LinkedIn’s Trending Storylines aims to broaden users’ news horizons


LinkedIn wants to be its users’ professional news feed, and the company just launched a new feature aimed at providing them with a broad set of perspectives on relevant business news.

A new Trending Storylines feature will show users a set of curated feeds based on key news of the day. For example, a recent storyline rounded up all of the Apple product announcements from Tuesday morning. The storylines open with a quick summary of the news, followed by a “must-read” story that LinkedIn has picked out as a good summary.

After that, the Storyline continues with other posts from its users, focused on providing other angles on the news along with additional context. Users can like, comment on or share those posts.

The storylines will be accessible from a new Trending tab in the mobile and desktop web versions of LinkedIn. Users will also see trending stories in the social network’s main news feed that the service thinks are relevant to their interests.

Trending Storylines could help increase user engagement with LinkedIn at a time when the professional social network is focused on driving up the amount of time people spend looking through its feeds. While it started out as a place for professionals to keep an online work profile, LinkedIn has been working over the past several years to surface relevant content for its users from members and influencers.

Even if a LinkedIn user isn’t connected with people sharing news content on the business-focused network, they’ll still be able to view Trending Storylines. That feature is built to encourage them to follow people, who can then populate their main feed with additional content in the future.

“You don’t have to have an incredibly strong network for this thing to work well,” Dan Roth, LinkedIn’s editor in chief, said. “It’ll work well if you have no network. It’ll work better the better your network is.”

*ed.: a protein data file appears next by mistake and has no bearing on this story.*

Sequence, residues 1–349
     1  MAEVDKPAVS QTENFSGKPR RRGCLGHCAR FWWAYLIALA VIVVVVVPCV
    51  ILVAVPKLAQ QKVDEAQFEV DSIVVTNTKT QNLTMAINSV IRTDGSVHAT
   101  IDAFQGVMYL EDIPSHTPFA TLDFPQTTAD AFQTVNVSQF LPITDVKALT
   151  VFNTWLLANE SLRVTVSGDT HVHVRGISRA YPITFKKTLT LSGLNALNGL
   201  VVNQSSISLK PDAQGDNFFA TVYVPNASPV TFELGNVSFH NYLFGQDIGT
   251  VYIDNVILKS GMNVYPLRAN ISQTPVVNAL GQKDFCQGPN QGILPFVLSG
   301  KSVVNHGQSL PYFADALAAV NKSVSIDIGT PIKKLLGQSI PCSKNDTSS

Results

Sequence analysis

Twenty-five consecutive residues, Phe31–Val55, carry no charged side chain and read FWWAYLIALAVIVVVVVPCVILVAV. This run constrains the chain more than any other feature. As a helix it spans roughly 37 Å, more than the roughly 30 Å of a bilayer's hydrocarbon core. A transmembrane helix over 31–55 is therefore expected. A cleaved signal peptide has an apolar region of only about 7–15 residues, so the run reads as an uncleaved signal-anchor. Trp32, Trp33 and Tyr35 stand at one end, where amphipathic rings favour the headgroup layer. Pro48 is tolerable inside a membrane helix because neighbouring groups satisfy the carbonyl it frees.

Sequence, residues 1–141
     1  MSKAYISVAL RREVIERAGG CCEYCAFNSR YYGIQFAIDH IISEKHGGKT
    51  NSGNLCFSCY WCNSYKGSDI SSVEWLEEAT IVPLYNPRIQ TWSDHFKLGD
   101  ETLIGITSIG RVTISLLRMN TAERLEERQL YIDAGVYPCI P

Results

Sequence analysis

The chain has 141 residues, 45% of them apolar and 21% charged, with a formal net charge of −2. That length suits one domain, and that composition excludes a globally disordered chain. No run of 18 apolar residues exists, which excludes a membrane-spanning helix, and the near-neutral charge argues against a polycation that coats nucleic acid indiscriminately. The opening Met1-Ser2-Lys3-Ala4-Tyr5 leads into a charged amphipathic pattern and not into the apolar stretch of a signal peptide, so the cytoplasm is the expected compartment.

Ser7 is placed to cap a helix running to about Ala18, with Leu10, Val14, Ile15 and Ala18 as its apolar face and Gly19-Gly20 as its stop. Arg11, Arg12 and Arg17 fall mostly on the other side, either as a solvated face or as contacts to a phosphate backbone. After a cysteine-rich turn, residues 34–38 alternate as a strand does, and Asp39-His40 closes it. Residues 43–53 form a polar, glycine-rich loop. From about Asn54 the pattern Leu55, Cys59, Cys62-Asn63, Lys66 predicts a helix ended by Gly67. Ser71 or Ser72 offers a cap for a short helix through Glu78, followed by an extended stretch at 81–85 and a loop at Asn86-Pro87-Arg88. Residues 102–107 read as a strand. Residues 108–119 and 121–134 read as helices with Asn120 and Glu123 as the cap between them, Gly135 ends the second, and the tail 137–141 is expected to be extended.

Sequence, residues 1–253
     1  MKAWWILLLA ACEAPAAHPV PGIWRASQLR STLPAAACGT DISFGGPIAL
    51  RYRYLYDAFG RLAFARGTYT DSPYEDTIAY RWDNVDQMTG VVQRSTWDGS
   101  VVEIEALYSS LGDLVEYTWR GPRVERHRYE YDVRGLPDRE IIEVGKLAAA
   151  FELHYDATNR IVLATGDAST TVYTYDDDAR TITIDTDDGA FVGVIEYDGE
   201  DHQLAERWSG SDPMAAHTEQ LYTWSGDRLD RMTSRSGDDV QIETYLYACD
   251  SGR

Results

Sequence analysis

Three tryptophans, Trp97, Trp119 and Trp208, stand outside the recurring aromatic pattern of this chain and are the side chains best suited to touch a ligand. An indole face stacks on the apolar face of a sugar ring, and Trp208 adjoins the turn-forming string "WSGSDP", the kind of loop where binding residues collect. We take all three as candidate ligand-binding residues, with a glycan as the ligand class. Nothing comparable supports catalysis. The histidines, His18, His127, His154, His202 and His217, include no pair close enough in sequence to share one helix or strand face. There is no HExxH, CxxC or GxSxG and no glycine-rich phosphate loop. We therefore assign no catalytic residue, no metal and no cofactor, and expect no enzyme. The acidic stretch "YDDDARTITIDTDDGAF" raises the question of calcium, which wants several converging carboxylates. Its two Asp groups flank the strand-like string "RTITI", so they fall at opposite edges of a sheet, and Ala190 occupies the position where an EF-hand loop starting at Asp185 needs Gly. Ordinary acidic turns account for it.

One of the key goals with the system is to expose users to a broad range of perspectives, not just those they would normally see based on who they’re connected to. Roth said that he sees Trending Storylines as an important part of breaking out of “filter bubbles” that arise from social networks and modern culture.

While there’s some altruistic value in exploring a broader range of perspectives, Roth pointed out that being well-versed in the day’s business news can be key to future work opportunities.

“If you’re going to go out and try to find a new client, or you’re at an important business dinner and you’re sitting there with executives from throughout the company, or from other companies, and they bring up something that’s a top topic in business right now, you’ve got to sound smart.”

The feature feels similar to Twitter’s Moments, which also offer users curated feeds of tweets, images and articles shared through that social network. One major difference between the two features is that LinkedIn’s offering is aimed primarily at business users, while Twitter’s Moments will often feature general pop culture topics.

Trending Storylines are rolling out Wednesday, starting in the U.S. More countries and languages will follow after that. LinkedIn also plans to add additional functionality in the future, like linking topic pages to trending stories and allowing users to follow subjects they care about.

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